Rex Ryan stokes huge defensive expectations for Bills

Bills coach Rex Ryan is always heavily involved with his defense.

PITTSFORD, N.Y. — Rex Ryan didn’t need to hear the entire question before he interrupted and just pointed his finger.

Mario Williams and Kyle Williams, two of the Buffalo Bills’ best defenders, were strolling by after a mid-morning practice.

“We’re going to play great on defense, always,” Ryan, the Bills’ new coach, told USA TODAY Sports. “The fact that we’ve got these guys, yeah, it just makes it a lot easier.”.

Ryan, who has a reputation for confidence along with a creative defensive mind, now has to back up his talk. After being hired in January, he took over a team that went 9-7 last season, already boasted one of the league’s stingiest defenses and appeared to get better this offseason. Ryan filled his staff with people he worked with during his six-year tenure as coach of the New York Jets, where his teams were known for physical and aggressive defense.

Now, expectations are that the Bills defense should be one the league’s best.

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“The sky is the limit,” general manager Doug Whaley told USA TODAY Sports. “If you look at it, we were fourth last year in yards allowed. And if you look at Rex’s resume, he’s consistently in the top 10 and a lot of times in the top five. The blend of those two things — the talent we have and the expertise that Rex and his defensive staff bring — we expect to be at or near the top.”.

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If the defense does live up to the hype — and the Bills get at least average play from the quarterback position — Buffalo could finally break a playoff drought dating back to 1999.

The Williamses anchor the defensive front along with Marcell Dareus and Jerry Hughes. All of them can rush the passer, which allows Ryan to move his linebackers all over the field to create mismatches. It’s something Ryan called “scary” — for opposing offenses, that is.

It’s another thing Bills fans can expect when watching Ryan’s defense: players will be on the move. While with the Jets, Ryan wasn’t afraid to give opposing offenses diverse looks they had never seen. It wasn’t rare to see New York’s defense break the huddle and initially line up with no down linemen, then wait just before the ball was snapped to tip their hand as to which players were blitzing and which were dropping into coverage. Or Ryan would take a player, even a linebacker, and have him line up near the sideline over a receiver. The intent was to confuse quarterbacks into making bad decisions.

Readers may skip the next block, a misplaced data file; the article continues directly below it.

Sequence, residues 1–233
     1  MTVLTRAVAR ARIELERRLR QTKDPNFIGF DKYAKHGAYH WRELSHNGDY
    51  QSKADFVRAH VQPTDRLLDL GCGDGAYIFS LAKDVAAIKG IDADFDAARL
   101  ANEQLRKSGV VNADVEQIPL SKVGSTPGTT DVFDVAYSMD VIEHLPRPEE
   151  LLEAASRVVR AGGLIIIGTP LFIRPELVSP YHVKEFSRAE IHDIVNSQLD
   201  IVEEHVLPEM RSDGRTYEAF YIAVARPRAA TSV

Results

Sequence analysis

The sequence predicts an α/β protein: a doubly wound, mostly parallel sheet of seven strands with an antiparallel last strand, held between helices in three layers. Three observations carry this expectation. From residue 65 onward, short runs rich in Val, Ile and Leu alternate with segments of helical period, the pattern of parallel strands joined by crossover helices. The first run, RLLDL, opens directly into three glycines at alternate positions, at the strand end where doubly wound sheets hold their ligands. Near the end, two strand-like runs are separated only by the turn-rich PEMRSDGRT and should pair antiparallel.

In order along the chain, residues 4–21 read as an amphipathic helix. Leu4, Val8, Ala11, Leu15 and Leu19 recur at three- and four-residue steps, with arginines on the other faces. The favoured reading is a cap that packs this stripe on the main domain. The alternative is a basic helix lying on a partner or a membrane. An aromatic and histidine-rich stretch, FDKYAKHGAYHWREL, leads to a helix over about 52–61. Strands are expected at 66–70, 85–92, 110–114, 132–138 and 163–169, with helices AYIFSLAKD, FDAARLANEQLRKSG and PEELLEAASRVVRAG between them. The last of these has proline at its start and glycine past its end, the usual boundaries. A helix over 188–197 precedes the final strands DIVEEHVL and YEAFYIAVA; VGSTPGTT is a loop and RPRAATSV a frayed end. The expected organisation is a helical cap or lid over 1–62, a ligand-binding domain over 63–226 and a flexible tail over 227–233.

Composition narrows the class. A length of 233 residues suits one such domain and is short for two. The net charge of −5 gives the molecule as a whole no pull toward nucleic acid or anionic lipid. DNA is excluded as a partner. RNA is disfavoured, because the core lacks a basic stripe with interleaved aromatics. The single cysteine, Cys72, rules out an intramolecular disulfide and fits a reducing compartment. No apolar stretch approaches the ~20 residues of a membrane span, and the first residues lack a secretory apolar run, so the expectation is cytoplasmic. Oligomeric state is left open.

That should continue in Buffalo.

“He takes the bullseye off a guy and moves him around,” Kyle Williams told USA TODAY Sports. “He tries to find different matchups for different guys. It’s a fun defense to play in. There’s a lot of learning that goes with it, but once you learn it and understand it and the pieces fit together, I think we can be pretty good.”.

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Along with a ferocious pass rush, tight coverage in the secondary is the other central theme on which Ryan bases his philosophy. When the Jets were at their best under Ryan, they had shutdown cornerbacks in Darrelle Revis, who neutralized the offense’s top receiver, and Antonio Cromartie. It allowed Ryan to get more creative with his other nine starters. With Stephon Gilmore, Leodis McKelvin and rookie Ronald Darby, Ryan has plenty of young and athletic corners in Buffalo.

“I think we’re right on pace to be a complete team,” Bills safety Aaron Williams said. “We’ve still got to make a few adjustments here and there, still got to get some things corrected. Have all those phases complete, and we’ll be a dominant team.”.

Follow Lorenzo Reyes on Twitter @LorenzoGReyes.

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